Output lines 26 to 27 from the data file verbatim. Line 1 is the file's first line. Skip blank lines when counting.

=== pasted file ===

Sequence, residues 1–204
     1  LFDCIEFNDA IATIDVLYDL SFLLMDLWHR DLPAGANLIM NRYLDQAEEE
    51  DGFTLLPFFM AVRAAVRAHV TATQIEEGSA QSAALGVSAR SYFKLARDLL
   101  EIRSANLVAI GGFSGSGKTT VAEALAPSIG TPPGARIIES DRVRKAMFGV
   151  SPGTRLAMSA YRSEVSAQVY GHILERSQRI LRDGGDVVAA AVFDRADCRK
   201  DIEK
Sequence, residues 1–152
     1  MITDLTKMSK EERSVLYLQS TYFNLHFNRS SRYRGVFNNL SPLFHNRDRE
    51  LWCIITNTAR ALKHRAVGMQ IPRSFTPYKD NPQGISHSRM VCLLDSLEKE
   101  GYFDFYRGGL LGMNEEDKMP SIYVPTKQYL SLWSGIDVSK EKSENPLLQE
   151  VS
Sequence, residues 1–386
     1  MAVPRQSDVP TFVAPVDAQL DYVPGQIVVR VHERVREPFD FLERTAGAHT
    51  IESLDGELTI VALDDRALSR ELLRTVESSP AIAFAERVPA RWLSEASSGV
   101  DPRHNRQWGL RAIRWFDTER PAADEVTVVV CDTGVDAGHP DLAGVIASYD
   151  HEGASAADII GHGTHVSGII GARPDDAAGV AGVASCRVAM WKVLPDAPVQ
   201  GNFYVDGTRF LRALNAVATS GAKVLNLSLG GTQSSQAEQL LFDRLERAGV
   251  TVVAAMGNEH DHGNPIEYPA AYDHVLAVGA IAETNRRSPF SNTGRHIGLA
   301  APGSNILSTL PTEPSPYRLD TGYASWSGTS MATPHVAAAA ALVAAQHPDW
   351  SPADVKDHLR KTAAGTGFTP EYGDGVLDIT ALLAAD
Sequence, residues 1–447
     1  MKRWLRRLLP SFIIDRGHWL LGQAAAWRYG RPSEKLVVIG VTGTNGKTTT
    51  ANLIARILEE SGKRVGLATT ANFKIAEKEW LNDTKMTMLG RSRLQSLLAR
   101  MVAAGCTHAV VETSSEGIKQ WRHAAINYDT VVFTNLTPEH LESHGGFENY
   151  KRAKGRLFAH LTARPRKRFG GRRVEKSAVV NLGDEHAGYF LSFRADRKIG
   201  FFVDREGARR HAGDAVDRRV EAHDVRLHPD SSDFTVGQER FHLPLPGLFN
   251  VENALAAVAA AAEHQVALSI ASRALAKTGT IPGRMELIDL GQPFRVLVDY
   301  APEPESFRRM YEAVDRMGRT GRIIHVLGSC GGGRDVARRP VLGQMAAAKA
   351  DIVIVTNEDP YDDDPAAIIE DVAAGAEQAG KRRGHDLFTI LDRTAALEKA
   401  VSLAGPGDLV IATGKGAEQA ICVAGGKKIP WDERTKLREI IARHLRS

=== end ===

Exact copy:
   201  FFVDREGARR HAGDAVDRRV EAHDVRLHPD SSDFTVGQER FHLPLPGLFN
   251  VENALAAVAA AAEHQVALSI ASRALAKTGT IPGRMELIDL GQPFRVLVDY